The Guardian Health online records excellent podcast shows where health and medical experts discuss the week’s top science stories, everything from the latest scientific breakthroughs to health concerns and trends.
This week, the team of experts discuss new research which highlights the scary statistics that children who have 4 or more courses of antibiotics by the age of 2, have a 10% greater risk of being obese by the age of five.
Other topics on the show are: a new public study which examines the effects on our diet and lifestyle of the microbiome, which is the name for the ‘vast community of microbes living inside us’ and its effects on human disease. The experts also discuss the origin of HIV; plans for a space weather forecasting centre in Britain and, a lab which is growing penises for men who suffer with congenital abnormalities, surgery or traumatic injury.
And who are these experts: The presenter of all the shows is the the Guardian’s own science editor, Ian Sample, and his guest experts are Professor Nick Finer, consultant endocrinologist from University College Hospital, London, Nicola Davis, the commissioning editor of The Observer Tech Monthly and Tim Spector, a professor of genetic epidemiology at King’s College London.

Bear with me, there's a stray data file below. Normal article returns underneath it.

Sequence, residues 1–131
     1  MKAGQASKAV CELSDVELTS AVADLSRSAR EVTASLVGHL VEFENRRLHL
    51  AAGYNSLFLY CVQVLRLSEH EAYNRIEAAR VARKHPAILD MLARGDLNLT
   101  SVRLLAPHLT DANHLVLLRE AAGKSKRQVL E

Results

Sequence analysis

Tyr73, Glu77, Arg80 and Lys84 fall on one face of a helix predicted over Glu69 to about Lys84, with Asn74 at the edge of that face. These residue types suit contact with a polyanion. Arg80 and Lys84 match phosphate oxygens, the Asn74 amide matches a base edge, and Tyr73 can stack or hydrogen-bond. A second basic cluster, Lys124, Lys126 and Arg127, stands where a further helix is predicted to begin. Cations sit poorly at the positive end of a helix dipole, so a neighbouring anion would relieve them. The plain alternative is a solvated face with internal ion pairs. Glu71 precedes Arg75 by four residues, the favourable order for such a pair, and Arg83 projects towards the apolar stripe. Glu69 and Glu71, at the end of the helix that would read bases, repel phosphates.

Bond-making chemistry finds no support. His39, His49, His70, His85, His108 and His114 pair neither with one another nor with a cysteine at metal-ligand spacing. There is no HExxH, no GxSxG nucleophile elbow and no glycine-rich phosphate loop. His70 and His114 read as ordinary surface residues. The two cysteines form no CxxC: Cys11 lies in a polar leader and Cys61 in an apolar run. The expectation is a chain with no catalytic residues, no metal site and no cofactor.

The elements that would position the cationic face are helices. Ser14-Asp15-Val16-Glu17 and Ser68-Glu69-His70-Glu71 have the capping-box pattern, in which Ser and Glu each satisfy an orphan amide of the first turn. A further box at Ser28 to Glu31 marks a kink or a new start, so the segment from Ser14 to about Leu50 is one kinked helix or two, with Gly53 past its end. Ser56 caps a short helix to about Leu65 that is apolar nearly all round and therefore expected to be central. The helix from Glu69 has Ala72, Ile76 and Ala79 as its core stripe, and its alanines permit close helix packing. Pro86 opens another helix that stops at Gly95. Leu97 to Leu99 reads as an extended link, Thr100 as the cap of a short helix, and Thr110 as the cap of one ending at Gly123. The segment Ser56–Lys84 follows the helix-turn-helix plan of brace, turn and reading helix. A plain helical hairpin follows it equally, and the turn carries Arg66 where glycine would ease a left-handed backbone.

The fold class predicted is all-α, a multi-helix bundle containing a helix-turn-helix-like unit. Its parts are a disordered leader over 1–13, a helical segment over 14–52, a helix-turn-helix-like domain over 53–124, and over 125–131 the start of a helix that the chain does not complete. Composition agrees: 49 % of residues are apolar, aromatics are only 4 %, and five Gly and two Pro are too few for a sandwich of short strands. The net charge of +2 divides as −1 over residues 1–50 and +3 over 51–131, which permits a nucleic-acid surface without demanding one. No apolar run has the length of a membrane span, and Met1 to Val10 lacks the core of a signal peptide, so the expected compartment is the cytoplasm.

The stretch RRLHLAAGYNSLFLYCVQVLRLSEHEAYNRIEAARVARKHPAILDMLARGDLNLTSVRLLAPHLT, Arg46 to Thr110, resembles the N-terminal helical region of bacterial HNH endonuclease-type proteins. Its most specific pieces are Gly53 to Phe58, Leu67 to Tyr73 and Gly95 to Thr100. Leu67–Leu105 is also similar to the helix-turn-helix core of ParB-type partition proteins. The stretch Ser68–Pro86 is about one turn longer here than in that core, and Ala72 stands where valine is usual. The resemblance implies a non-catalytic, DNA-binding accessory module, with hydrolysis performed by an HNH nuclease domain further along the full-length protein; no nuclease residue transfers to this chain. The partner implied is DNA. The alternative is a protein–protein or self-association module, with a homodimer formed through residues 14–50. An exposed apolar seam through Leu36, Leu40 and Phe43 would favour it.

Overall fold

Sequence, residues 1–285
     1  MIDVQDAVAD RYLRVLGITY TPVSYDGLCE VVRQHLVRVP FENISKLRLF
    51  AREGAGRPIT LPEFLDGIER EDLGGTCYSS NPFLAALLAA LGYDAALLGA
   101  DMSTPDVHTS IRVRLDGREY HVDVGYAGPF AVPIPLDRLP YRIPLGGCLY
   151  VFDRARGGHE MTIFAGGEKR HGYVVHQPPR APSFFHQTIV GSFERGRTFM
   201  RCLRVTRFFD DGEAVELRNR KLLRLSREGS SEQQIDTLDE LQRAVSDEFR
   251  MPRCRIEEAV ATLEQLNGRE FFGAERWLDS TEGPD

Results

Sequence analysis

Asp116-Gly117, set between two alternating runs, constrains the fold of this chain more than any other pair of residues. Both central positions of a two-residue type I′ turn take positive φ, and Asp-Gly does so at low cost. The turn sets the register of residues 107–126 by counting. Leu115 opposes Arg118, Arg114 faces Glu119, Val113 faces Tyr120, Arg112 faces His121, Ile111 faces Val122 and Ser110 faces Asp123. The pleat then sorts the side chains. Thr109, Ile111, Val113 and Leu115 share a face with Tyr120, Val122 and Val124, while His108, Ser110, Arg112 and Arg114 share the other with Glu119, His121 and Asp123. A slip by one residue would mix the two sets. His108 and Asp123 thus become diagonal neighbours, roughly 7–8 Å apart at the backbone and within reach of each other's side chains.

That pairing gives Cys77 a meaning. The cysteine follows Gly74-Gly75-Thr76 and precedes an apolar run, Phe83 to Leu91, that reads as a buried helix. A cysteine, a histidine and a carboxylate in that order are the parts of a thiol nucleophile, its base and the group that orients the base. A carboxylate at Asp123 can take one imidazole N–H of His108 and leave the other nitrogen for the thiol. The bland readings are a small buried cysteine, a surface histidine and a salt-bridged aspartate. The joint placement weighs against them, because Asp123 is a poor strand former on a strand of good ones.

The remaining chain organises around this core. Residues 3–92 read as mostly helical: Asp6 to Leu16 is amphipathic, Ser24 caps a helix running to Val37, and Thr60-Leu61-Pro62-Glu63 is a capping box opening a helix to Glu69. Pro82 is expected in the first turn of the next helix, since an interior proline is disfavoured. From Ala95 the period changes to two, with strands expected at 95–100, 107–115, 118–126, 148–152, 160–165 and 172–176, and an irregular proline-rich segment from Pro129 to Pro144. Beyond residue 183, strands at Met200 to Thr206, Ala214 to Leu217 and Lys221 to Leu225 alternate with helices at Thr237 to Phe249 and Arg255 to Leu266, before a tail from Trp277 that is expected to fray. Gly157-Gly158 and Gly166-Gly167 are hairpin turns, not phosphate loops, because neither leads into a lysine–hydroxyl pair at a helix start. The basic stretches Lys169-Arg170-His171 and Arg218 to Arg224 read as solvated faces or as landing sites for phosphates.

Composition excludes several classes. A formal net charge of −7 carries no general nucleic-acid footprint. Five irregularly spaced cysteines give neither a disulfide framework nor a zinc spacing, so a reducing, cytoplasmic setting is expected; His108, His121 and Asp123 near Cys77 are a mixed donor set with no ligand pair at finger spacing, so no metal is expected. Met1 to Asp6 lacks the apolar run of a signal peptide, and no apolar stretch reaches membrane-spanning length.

Both Ian Sample and Nicola Davis were also invited into the studio to meet and chat with the winners of the 2014 Nobel Prize in Physiology or Medicine on another podcast show. Their nobel winners, May-Britt Moser and Edvard Moser both from the Norwegian University of Science and Technology in Trondheim, and John O’Keefe from University College London have all spent years researching nerve cells in the brain and were the first scientists to reveal how they build up a map of the space around us and track our progress as we move around. Fascinating stuff.
Also on the same show, the experts discuss the early cave paintings in Indonesia, looking at the latest research which seems to suggest that art may actually have originated in Africa, and not Europe as previously thought amongst other subjects.